The CPU comes with three QPI links at up to 8GT/s speeds, whereas Westmere-EX had only 6.4GT/s maximum. This allows direct connection of all sockets in a 4S system and a maximum of three hops in an 8S setup. The QPI links are also utilized more efficiently using a home snoop protocol. While this would go beyond the scope of this article, it basically reduces the number of communications when a CPU asks for data that is neither in its own cache nor local RAM and thus provides better scalability at a minor increase in latency versus source snoop which is used in Westmere-EX. This scheme is also more efficient when the sockets are not fully connected, which happens in the 8S configuration.
The Xeon E7 v2 also finally introduces PCI Express 3.0 to the enterprise server segment. Each CPU comes with 32 PCIe lanes that can be flexibly configured. For example the lanes can be used for two full x16 interfaces or four x8 or a combination of two x8 and four x4 and so on. That definitely improves the I/O capabilities tremendously. Intel also claims that apart from these brute force improvements, they reduced the latencies and improved the direct PCIe to PCIe bandwidth. Another four PCIe 2.0 lanes are available for the DMI interface connecting the CPU to the chipset. Speaking of which, it is a variant of the Patsburg chipset called C602J which has been around for a while.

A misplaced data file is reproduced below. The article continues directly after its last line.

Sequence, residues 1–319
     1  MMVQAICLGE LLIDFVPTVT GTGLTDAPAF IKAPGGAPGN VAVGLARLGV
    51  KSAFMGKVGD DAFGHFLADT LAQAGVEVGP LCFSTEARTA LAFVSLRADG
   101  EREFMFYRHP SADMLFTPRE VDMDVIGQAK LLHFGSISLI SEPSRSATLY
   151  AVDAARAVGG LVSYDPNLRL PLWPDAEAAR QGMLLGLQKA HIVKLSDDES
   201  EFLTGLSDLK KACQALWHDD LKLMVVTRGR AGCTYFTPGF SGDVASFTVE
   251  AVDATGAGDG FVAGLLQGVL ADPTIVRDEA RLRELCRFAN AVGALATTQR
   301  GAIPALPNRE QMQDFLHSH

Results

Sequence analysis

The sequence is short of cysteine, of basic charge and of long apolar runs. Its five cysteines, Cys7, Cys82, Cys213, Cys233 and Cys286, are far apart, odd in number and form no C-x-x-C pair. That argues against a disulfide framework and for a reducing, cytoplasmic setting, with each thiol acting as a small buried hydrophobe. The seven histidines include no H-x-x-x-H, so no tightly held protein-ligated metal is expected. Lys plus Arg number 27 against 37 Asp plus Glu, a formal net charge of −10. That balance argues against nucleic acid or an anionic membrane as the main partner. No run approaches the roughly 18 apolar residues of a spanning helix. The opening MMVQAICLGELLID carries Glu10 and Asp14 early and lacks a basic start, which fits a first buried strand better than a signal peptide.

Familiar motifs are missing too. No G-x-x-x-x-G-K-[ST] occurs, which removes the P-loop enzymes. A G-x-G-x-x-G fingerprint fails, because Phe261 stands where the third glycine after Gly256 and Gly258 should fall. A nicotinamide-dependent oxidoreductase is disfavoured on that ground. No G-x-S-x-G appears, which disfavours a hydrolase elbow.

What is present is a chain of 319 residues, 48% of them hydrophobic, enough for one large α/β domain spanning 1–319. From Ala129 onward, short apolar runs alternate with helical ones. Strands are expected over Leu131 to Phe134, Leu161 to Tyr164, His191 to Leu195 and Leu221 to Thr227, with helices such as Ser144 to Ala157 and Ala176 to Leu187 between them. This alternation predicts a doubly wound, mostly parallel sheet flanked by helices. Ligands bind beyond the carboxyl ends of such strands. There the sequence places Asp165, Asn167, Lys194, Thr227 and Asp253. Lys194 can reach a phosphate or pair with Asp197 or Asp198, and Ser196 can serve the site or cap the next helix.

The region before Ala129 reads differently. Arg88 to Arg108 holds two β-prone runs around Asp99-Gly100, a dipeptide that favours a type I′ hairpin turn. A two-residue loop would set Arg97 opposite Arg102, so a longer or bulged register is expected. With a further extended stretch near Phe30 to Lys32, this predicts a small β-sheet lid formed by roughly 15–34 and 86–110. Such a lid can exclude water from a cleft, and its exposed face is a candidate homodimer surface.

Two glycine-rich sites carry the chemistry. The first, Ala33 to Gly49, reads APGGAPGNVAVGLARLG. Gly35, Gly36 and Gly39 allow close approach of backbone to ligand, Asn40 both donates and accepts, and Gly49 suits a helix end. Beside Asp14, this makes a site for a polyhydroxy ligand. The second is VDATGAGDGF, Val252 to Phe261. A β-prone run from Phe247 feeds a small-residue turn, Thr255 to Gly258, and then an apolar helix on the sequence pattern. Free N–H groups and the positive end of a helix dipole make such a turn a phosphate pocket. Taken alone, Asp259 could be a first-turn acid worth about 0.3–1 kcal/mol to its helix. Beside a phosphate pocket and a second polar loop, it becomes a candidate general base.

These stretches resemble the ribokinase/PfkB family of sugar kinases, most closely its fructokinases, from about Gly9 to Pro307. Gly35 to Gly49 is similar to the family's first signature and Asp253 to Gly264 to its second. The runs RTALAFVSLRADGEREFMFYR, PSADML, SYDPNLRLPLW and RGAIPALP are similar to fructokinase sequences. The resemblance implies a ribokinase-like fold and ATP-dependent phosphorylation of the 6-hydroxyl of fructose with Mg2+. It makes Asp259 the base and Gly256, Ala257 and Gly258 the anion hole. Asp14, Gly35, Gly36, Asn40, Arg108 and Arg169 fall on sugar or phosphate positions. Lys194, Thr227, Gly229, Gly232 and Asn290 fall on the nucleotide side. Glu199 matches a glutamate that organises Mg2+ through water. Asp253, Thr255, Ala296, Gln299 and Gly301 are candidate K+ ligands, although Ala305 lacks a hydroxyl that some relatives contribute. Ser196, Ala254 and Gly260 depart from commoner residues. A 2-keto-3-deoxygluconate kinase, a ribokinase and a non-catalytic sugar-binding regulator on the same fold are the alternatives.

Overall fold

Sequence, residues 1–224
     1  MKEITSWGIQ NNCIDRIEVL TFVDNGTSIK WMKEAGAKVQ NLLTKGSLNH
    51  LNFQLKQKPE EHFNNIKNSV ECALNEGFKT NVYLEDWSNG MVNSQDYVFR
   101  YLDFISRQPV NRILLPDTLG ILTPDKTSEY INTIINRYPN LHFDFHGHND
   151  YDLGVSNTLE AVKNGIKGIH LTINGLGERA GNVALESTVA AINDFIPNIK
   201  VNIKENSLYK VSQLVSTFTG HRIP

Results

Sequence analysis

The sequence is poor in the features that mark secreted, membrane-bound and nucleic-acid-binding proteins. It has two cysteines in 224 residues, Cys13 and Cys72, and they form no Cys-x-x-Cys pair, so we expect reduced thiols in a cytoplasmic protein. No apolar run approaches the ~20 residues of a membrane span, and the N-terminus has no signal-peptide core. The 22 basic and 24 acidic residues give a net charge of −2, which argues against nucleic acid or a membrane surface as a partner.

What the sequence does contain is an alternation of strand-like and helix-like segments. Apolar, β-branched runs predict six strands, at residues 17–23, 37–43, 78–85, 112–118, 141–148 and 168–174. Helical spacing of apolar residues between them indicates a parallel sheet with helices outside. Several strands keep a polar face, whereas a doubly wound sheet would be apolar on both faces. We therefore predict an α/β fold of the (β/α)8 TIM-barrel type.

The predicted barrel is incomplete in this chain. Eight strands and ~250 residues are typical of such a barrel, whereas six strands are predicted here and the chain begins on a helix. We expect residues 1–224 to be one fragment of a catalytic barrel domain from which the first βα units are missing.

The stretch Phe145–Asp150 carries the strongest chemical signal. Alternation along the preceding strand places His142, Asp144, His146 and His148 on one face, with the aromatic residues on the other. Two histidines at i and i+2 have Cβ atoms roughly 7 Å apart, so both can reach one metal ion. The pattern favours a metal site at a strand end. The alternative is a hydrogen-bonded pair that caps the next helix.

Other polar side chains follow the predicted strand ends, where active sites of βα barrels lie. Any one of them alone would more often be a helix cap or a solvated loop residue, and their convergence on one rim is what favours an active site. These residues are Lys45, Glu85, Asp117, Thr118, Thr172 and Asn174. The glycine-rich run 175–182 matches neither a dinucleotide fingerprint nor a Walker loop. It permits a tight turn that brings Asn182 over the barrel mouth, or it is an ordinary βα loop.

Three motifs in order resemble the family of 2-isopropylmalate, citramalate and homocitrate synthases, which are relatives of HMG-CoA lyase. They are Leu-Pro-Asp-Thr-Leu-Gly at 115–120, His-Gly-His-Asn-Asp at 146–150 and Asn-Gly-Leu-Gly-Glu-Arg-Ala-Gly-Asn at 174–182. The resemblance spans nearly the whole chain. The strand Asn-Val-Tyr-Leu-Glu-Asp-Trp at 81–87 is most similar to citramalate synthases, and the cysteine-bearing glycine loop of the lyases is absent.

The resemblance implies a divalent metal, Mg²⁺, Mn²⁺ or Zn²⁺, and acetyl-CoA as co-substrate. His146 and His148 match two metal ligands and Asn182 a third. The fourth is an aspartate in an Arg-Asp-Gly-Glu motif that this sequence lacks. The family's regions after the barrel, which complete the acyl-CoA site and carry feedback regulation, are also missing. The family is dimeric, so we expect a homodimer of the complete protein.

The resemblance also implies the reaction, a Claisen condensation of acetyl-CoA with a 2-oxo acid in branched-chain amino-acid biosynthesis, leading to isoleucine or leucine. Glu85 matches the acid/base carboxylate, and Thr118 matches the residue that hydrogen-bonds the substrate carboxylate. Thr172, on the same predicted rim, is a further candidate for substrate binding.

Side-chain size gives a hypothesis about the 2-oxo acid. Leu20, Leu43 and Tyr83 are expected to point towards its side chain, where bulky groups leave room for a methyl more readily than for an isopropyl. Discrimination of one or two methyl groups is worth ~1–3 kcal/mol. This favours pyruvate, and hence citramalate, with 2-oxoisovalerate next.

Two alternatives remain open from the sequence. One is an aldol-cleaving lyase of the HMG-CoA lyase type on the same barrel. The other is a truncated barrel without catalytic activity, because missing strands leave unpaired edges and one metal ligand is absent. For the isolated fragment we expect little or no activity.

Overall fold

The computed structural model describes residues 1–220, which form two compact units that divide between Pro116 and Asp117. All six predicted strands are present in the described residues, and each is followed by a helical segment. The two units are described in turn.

Depending on the application Intel touts a 1.7x ? 2.4x performance increase over the previous generation. Due to wider vector instructions (AVX), in pure matrix multiplication, the difference is a whopping 3.5x. These comparison figures are based on the performance of the Xeon E7-4870 and the Xeon E7-4890v2 using 50% more cores and running at a slightly higher frequency. The new model also comes at a higher maximum TDP of 155W vs the 130W of the Westmere-generation chip.
A distinguishing feature versus the lower Xeon E5 offerings is not only support for very large memories but also a rich set of RAS features. This generation introduces Intel RunSure technology which is an umbrella moniker that covers methods to improve reliability of RAM and the platform. For example the CPU is capable of dynamic memory migration, hot plugging of memory boards and memory mirroring as well as execution path recovery. This is combined with extensive diagnosis features to detect potential problems early and react accordingly. These features are important to hit the 99.99% of uptime that is demanded in that segment.
Intel primarily aims at replacing older x86 systems as well as take additional market share from RISC machines that faced a continuous decline in the last decade. IBM and Oracle seem to make it too easy for Intel, as Intel touts large double digit performance advantages at again large double digit lower prices. While we are aware vendors often cherry-pick numbers to obtain the largest possible percentages, the advantages of the Intel platform are so big they can’t be discounted easily. Do note that these comparisons are based on SPECint_rate_base2006 numbers, which may or may not translate well to other workloads as well as whole system prices.